Anne's Reviews > William James: In the Maelstrom of American Modernism

William James by Robert D. Richardson
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Dec 22, 11

Read from October 21 to 22, 2011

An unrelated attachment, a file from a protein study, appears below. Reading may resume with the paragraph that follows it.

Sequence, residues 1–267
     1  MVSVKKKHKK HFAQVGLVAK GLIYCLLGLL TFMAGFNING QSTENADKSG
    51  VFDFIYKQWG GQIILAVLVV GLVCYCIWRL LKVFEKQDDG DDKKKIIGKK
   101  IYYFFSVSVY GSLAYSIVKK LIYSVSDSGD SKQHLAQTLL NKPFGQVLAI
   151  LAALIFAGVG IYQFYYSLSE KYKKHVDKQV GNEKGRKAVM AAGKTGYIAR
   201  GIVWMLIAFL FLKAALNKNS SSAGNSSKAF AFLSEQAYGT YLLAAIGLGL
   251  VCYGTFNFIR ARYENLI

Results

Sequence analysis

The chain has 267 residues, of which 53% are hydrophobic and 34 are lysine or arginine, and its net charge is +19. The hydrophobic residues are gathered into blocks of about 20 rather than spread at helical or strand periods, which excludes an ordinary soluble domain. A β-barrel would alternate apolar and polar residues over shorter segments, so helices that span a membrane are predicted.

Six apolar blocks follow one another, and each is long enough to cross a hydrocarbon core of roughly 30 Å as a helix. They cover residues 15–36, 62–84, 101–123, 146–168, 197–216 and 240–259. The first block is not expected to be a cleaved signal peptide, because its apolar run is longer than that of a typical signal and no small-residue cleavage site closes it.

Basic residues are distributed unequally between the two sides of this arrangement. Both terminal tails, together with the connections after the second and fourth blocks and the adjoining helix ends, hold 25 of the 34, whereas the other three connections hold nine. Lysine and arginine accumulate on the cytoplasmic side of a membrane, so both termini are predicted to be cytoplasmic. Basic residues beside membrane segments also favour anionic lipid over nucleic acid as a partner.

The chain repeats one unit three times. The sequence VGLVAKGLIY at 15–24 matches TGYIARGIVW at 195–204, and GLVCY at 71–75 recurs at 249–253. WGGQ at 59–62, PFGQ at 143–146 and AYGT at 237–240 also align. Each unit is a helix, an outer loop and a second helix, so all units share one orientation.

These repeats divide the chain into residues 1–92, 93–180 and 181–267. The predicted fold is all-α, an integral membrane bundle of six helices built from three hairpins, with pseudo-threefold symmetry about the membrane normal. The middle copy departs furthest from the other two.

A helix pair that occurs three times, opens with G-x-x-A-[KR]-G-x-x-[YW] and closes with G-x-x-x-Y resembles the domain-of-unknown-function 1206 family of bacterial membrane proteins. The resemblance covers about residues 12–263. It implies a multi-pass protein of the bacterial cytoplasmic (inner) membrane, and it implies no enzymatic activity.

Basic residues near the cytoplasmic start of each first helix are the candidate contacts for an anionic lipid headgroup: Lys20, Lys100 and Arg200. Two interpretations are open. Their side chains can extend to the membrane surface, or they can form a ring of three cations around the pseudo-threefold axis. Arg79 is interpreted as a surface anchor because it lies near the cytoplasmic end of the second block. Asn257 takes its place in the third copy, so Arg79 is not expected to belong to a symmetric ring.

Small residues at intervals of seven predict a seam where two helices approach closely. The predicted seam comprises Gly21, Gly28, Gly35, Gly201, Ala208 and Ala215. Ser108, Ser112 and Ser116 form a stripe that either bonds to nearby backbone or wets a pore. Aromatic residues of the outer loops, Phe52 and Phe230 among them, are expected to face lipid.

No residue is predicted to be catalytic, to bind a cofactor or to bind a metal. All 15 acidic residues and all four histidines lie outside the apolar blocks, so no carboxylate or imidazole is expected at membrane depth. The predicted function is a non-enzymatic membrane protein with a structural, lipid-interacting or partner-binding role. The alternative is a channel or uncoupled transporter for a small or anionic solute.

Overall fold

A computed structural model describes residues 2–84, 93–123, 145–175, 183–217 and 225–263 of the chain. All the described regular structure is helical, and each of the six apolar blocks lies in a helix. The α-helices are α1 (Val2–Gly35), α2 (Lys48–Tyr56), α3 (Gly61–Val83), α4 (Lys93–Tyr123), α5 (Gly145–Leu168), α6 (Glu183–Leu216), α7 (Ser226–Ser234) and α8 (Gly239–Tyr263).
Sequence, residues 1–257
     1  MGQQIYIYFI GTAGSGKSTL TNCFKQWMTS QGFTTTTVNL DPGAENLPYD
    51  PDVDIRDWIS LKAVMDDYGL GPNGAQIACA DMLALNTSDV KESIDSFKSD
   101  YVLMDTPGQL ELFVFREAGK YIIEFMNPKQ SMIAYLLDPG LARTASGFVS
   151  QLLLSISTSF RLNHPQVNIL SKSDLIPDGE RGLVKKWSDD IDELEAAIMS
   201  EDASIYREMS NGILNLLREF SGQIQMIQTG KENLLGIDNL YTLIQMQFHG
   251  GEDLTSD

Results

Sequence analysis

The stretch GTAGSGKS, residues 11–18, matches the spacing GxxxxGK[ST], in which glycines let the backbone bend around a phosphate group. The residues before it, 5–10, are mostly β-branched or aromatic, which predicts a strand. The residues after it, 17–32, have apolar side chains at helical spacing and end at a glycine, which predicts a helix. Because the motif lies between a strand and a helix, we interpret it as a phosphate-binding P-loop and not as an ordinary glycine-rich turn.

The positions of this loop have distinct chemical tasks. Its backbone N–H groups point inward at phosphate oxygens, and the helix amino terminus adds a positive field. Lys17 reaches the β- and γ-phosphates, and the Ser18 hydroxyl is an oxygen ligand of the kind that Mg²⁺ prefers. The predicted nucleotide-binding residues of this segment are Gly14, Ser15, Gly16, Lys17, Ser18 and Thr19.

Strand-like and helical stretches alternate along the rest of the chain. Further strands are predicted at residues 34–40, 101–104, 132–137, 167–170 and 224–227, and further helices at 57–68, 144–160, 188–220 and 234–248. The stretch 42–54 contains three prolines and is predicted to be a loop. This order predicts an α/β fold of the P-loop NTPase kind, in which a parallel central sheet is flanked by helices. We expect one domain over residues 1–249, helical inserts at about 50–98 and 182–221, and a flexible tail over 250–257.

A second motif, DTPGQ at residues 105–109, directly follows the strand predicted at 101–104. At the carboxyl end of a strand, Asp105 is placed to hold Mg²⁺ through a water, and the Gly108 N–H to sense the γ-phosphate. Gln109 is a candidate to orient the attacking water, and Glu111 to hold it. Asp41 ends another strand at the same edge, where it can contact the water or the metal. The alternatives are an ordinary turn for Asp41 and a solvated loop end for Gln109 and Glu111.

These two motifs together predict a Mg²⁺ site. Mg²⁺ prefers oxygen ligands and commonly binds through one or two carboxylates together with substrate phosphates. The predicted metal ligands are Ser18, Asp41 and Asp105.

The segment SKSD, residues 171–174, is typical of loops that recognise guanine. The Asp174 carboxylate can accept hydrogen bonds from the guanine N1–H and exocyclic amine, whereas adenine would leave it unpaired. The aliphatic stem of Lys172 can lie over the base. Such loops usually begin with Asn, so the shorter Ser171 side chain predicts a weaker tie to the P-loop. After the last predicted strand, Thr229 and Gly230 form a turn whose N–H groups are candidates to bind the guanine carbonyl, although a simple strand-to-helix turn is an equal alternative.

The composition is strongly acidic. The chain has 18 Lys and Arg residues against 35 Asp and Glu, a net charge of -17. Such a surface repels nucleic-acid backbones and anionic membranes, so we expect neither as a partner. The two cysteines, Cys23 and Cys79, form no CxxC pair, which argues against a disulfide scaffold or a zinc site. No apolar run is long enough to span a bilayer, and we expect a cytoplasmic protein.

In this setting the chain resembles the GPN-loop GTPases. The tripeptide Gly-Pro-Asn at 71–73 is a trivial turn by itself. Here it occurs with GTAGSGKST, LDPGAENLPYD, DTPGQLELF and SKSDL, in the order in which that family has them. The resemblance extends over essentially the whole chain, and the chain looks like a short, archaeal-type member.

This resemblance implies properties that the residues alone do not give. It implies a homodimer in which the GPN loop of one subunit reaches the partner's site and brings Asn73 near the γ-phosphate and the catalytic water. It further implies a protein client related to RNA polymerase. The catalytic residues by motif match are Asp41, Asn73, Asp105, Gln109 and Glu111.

I really liked William James: In the Maelstrom of American Modernism because it gave me some good insights into the life of Henry James's elder brother, a successful writer and thinker in his own right. Since I'm writing a paper on Henry James's work right now, some of which I hope will go into my dissertation, I wanted to get some background on William's life and writing, especially his writing about the psychology of emotion, which is my area of interest in Henry's fiction. William James articulated his theory of emotion so well that his theory is still considered relevant more than 100 years later. The biography is only difficult in a few places, where Richardson, the author, has to unpack some really complex ideas found in William James's writings. This book would be best for people who have an interest in the James family, late-nineteenth-century conceptions of medicine, science, evolution, philosophy, and psychology, as well as anyone interested in understanding the world of Harvard University (where James was a professor) at the end of the nineteenth century.
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